More than 200 women and girls travelled to Great Britain for abortions last year, an increase compared to 2020, the latest figures show.
The figures show that 206 women and girls, with address in the Republic of Ireland, sought abortion care, with a further 161 women and girls travelling from Northern Ireland.
The data was published by the UK Department of Health and Social Care on Tuesday.
The number of pregnant women and girls seeking abortion care from Northern Ireland significantly dropped, with 371 travelling in 2020, compared to 161 last year.
However, the number of women and girls travelling from the Republic increased by ten compared to 2020, when there were travel restrictions in place.
The vast majority of women from the Republic were over 12 weeks pregnant and ineligible for termination services in Ireland. Some 50% were foetal anomaly cases.
Ireland has the highest number of women who travelled to England for abortion care services, accounting for 33%.
The number of women who travelled from Northern Ireland accounted for 26%.
Irish Family Planning Association (IFPA) chief executive Niall Behan said: “Legal abortion has transformed reproductive healthcare in Ireland, but 206 women travelled to the UK for abortion care in 2021.
“This tells us, unequivocally, that the law is not good enough. The 2018 Act is denying care to women and girls and forcing them to seek abortion services in the UK. This is an unacceptable injustice.
“We know from our clients that exclusion from access to termination services in Ireland is traumatising.
“We know also that denial of care because of the gestation limit disproportionately burdens the most vulnerable, marginalised and disadvantaged. Exclusions from essential healthcare cause harm.
“No-one should have to leave Ireland for abortion care.
“We know from our services that the law is also forcing some who present at under 12 weeks of pregnancy to travel outside of Ireland for abortion services.
“The mandatory three-day wait means that a person who presents after 11 weeks and four days cannot be provided with abortion care in Ireland.”
Ireland’s abortion laws, which were legalised following a referendum in 2018, are under review.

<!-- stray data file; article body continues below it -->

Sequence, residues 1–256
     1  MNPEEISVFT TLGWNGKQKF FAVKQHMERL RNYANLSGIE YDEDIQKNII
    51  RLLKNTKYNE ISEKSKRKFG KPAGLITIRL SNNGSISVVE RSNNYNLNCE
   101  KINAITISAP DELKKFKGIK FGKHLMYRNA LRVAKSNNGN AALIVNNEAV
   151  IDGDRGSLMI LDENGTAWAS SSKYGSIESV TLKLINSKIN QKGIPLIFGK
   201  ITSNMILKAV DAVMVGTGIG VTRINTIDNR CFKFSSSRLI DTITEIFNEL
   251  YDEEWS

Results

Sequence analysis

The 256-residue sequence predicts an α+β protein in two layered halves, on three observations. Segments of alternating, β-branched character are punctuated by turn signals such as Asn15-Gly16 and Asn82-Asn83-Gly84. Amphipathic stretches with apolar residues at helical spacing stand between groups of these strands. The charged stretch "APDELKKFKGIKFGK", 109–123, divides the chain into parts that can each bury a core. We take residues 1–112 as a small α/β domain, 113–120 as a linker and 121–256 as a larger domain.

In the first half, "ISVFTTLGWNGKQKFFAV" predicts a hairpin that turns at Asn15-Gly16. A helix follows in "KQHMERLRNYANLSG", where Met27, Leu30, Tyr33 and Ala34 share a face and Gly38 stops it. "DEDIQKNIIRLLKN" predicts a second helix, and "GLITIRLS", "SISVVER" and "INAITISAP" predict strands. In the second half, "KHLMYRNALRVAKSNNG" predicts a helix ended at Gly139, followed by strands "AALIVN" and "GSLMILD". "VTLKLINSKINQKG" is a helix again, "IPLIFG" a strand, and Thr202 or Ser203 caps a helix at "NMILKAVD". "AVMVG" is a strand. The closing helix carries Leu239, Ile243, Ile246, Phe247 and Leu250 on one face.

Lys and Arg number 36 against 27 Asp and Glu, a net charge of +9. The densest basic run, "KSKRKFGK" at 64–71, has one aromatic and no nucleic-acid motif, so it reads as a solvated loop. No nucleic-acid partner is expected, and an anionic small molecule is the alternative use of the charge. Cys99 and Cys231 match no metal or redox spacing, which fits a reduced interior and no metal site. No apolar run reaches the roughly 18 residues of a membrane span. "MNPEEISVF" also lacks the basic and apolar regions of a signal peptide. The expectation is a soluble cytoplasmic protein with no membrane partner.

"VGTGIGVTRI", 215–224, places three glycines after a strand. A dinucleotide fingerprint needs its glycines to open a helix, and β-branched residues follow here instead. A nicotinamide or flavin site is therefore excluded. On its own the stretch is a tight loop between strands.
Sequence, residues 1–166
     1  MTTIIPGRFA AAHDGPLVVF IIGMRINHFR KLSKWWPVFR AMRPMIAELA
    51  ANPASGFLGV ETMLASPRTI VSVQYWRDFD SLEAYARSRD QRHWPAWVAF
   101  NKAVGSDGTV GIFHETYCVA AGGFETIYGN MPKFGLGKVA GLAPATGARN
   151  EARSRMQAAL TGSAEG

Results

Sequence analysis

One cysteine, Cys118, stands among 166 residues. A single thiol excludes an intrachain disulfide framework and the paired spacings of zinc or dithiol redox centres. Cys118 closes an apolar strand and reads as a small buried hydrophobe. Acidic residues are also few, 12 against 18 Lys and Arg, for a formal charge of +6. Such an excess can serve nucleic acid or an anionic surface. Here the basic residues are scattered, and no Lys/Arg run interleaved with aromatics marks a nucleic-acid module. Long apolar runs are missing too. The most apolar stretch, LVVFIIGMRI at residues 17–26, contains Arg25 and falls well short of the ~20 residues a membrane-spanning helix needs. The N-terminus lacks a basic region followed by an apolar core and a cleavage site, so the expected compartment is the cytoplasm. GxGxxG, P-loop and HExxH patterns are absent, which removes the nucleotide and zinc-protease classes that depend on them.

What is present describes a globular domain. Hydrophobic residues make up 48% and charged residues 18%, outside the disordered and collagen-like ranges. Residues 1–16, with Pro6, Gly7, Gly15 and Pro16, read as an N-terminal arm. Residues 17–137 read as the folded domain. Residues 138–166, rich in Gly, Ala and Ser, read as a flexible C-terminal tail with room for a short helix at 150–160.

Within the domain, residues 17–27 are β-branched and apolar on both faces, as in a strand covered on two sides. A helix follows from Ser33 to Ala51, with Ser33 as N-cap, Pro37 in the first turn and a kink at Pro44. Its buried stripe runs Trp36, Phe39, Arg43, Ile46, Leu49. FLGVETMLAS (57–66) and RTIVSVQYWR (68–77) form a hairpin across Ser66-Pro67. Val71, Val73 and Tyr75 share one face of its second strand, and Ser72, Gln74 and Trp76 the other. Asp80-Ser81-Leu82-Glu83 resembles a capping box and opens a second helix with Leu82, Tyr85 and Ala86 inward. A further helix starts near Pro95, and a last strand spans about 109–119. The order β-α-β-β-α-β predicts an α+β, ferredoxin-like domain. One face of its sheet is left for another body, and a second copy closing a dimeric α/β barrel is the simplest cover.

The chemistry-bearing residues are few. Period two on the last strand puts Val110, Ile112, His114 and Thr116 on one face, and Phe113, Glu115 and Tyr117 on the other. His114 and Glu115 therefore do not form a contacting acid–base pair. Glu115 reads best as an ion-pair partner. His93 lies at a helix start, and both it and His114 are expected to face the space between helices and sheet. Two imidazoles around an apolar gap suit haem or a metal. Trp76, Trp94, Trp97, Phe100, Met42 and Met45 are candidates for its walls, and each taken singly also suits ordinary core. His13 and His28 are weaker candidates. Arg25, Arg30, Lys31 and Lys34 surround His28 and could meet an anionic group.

A medical abortion is available up to 12 weeks, but abortions thereafter are only allowed if there is a serious threat to the life or health of the mother or where two clinicians agree there is a fatal foetal abnormality.
The figures also show that three teenagers under the age of 16 travelled from the Republic to Great Britain for an abortion, while five teens aged 16 to 17 also travelled.
A total of 11 teenagers under the age of 18 travelled from Northern Ireland for an abortion last year.
The figures show that Dublin had the highest number of women and girls travelling to Britain, with 75 women from the capital. A total of 27 women and girls registered their address in Cork, while the third highest was in Galway, with 14 women travelling to England and Wales.
All abortions were privately funded.
Grainne Teggart, deputy programme director in Northern Ireland for Amnesty International UK, said: “The numbers published today are not just statistics, they represent journeys no one should be forced to make.
“Abortion healthcare should be accessible to all who need it, close to home. Today is a timely reminder of the urgent need for commissioned services.
“We call on the Secretary of State to move swiftly to bring to an end the denial of this essential healthcare.
“Choice must be respected and protected – the only way to do this is by urgently establishing fully-resourced, commissioned services.”
Abortion legislation in Northern Ireland was liberalised in 2019 following laws passed by Westminster at a time when the powersharing government at Stormont had collapsed.
But while individual health trusts in Northern Ireland offer services on an ad-hoc basis, the Department of Health has yet to centrally commission the services due to a political impasse at Stormont on the issue.
The Northern Ireland Secretary Brandon Lewis recently enacted a law that empowered him to directly commission abortion services in the region.
Between March 2020 and January 31 2022, some 2,794 abortions took place in Northern Ireland.
Mr Lewis recently told a Westminster committee that the abortion services in Northern Ireland “fall far short” of what is required by law.
“Women and girls are still unable to access high quality abortion and post-abortion care locally in Northern Ireland, the same way women can in the rest of the UK,” Mr Lewis added.
“That’s because the Northern Ireland Department of Health has failed to make progress on this issue.
“The commissioning of full abortion services consistent with the conditions set out in 2020 regulations has not taken place.
“Every day women and girls are taking place in vulnerable situations and I will not allow this situation to continue.”
Eilis Mulroy, from the pro-life campaign group, said: “The introduction of abortion on request in Ireland following the 2018 referendum is undoubtedly the reason for the dramatic 93% decline in the number of Irish abortions taking place in England.
“Sadly, however, the number of abortions now happening in Ireland is significantly higher than the numbers of women who travelled to England in the past for abortions year on year.
“There was a 70% increase in abortions in the first two years of the law taking effect.
“Nonetheless, abortion campaigners continue to try and shift the focus away from this reality by arguing that the fact that some women still travel to England for abortion is a justification for widening the grounds for abortion here even more.”
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